Blood Brothers? Evander Kane adds Sharks to his wolf pack in Vegas

The Sharks are in Vegas Thursday night for Game 1 of their Round 2 matcup with the Golden Knights. And Evander Kane has something to say. Or as Kane is better known by his real friends, Alan Garner.

Kane, no longer a lone wolf, scored three goals and one assists in the Sharks' Round 1 sweep of the Ducks. He agrees where he stands in this wolf pack too. 

Game 1 starts Thursday night with puck drop at 7 p.m. Pregame coverage starts with Sharks Playoffs Central at 6:30 p.m. on NBC Sports California. 

Five things to think about as the Sharks finally open Round 2 vs Las Vegas


Five things to think about as the Sharks finally open Round 2 vs Las Vegas

Either the Sharks or Golden Knights will take the Stanley Cup.

That’s what history suggests.

Both teams swept their prior rounds, which has only happened seven times before. 

And in six of those seven instances… the winner of this dual-post-sweep series has gone on to hoist the Cup.

Okay, maybe that’s a stretch. 

But entering this Round 2 series, there are no shortage of hopes and storylines on both sides.

1: There could be some rough beginnings on both sides.

Hockey players aren’t programmed to have seven days off between games.  The Sharks and Golden Knights will be resuming game action after their longest respective layoffs since last summer.  Does one team suffer from rust more than the other?  Does everybody go back to feeling normal after 20 minutes?  Timing, hands, lungs and legs are all bound to be affected by the inability to replicate game speed in respective practice sessions.  That’s just about the only thing we DO know.

2: There’s an unbelievable goalie matchup in this series.

In Round 1, Martin Jones allowed only four goals with one shutout, while Marc-Andre Fleury allowed three goals and pitched two shutouts.  How can anyone rightfully predict a high scoring series here in Round 2?  Logan Couture called Jones, “…a great goaltender that no one talks about”.  On the other side is Marc-Andre, formerly of Penguins fame.  He’s got three Stanley Cup rings, but is largely not credited for the last two.  After being exposed by Pittsburgh in the expansion draft, Fleury has the fresh start with a storybook team that any goaltender would dream of.

3: The adversity factor.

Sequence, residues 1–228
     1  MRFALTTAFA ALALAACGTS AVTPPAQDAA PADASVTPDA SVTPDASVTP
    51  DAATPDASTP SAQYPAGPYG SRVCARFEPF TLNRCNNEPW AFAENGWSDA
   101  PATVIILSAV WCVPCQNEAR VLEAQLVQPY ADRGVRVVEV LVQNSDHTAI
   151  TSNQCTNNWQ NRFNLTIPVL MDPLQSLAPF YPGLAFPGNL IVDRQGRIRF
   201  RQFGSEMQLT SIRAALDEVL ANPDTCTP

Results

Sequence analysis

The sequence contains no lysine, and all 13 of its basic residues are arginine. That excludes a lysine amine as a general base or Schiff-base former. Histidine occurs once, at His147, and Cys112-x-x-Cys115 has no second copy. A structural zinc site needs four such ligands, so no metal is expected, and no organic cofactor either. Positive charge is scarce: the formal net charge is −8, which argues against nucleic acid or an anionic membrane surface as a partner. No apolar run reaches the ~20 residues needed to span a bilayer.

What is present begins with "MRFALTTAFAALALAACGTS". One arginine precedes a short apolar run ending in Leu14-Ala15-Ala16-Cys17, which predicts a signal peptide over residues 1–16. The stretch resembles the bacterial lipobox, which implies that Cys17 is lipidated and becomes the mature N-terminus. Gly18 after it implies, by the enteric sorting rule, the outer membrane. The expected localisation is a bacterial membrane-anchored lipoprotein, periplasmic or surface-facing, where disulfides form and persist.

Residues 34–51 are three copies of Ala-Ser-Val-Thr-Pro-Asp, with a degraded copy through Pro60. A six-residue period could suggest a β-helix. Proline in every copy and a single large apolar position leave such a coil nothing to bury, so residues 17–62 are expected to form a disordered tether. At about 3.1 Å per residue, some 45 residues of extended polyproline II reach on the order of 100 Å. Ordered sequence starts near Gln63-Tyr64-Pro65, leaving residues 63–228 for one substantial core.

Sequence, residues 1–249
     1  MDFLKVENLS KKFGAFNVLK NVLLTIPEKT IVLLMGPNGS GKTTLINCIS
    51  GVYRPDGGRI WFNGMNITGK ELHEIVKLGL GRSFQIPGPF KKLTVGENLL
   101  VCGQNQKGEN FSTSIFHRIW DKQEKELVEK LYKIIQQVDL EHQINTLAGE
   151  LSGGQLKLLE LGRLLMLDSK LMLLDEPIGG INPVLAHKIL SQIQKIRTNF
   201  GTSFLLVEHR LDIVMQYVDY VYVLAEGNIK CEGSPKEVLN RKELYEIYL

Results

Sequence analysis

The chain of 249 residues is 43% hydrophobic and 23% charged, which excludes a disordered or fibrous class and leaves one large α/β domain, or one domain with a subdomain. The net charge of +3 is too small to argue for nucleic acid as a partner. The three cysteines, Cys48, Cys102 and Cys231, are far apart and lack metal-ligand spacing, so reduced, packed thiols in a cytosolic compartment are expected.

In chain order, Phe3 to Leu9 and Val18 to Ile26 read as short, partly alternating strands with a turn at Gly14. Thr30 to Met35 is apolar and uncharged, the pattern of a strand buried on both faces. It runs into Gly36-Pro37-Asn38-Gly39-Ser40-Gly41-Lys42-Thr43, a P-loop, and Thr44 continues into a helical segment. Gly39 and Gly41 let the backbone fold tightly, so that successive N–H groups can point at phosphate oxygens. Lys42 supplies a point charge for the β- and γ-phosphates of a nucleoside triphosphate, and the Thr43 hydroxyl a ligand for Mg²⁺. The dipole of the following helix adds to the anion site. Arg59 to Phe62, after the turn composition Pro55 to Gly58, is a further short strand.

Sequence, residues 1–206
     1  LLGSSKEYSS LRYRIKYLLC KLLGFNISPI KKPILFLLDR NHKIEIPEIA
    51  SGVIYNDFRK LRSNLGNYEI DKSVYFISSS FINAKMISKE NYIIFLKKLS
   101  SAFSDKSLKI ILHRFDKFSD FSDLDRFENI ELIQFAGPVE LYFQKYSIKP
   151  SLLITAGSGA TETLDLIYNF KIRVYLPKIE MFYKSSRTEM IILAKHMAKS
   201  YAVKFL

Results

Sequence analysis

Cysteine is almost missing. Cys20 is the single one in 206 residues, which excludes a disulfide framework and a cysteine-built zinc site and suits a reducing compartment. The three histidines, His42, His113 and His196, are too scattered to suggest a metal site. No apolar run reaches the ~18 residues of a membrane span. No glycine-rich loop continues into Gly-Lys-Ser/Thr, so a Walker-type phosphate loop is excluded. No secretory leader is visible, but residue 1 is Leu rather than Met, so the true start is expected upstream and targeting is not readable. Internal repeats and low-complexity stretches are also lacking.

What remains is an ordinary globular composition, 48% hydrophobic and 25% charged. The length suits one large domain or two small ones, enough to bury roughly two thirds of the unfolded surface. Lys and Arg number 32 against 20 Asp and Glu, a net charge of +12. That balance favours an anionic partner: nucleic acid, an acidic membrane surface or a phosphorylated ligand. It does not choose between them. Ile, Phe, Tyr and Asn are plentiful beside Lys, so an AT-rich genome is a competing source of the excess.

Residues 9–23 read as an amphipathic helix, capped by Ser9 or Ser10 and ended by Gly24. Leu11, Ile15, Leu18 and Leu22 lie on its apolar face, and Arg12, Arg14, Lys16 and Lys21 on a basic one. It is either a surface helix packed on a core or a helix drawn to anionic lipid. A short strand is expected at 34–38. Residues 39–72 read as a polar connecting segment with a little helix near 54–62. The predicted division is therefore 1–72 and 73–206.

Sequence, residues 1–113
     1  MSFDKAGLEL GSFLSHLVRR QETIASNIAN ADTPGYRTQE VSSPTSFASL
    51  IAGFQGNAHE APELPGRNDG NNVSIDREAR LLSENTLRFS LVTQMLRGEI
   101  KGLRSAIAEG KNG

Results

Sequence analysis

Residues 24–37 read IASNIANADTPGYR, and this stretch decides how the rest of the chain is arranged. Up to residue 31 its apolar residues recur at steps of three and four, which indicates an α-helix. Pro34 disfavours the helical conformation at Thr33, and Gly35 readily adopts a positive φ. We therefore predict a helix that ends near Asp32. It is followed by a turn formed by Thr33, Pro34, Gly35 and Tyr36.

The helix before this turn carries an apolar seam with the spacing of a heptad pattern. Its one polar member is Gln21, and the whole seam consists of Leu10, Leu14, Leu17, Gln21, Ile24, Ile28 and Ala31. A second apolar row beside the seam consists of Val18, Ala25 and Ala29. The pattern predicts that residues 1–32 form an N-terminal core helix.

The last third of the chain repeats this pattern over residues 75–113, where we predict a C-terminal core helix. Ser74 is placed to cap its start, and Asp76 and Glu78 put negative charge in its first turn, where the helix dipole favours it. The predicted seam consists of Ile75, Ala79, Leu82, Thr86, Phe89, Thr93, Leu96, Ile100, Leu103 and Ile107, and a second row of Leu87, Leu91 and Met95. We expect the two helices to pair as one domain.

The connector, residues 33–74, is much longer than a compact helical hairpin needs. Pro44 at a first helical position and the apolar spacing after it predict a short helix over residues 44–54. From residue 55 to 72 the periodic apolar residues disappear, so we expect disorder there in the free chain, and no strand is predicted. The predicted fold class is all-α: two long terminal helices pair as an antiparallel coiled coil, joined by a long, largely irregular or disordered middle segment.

It’s not how you take defeat, it’s how you respond the next time.  Losing a playoff game (especially in multiple overtimes) can be mentally deflating.  And it is something that one side will experience on Thursday night for the first time.  Short memories are imperative here in the second season.  We know the Sharks (largely together for several years) have been through that kind of situation many times before.  We also know the Golden Knights (as an expansion team) have individual experience, but have never really had to rebound as a group.  Think about this, their longest losing skid even in the regular season was ONLY three games (twice).

4: If you’re the Sharks, stay the course.

San Jose looked really good in their first four games.  Not just getting winning results, but actually seeming to further galvanize as the series progressed.  Far as matchups with Vegas and all the small tinkering a Head Coach could possibly do… there is no better way for Pete DeBoer to start his Round 1 lineup card, than exactly how he ended it in Round 1.  His (amusing) quote in a press conference gives the best perspective: “We just won four straight against a great hockey team and I’d be an idiot to make lineup changes. We’ll let you guys overthink that. Make as many lineup changes as you want… but unless we find it necessary, why would you mess with how we’re playing right now?”

5: Maybe this is the start of something beautiful?

What if the Sharks remain a perennial powerhouse in the Pacific Division, and the Golden Knights are more than just an inaugural season surprise?  Wouldn’t it be outstanding if San Jose and Las Vegas could cultivate a long-standing future rivalry that truly began with this Round 2 series in 2018?  No offense to Los Angeles or Anaheim, but we’ve been down those roads many times before.  Finding a new team that you love to hate is almost a gift in itself.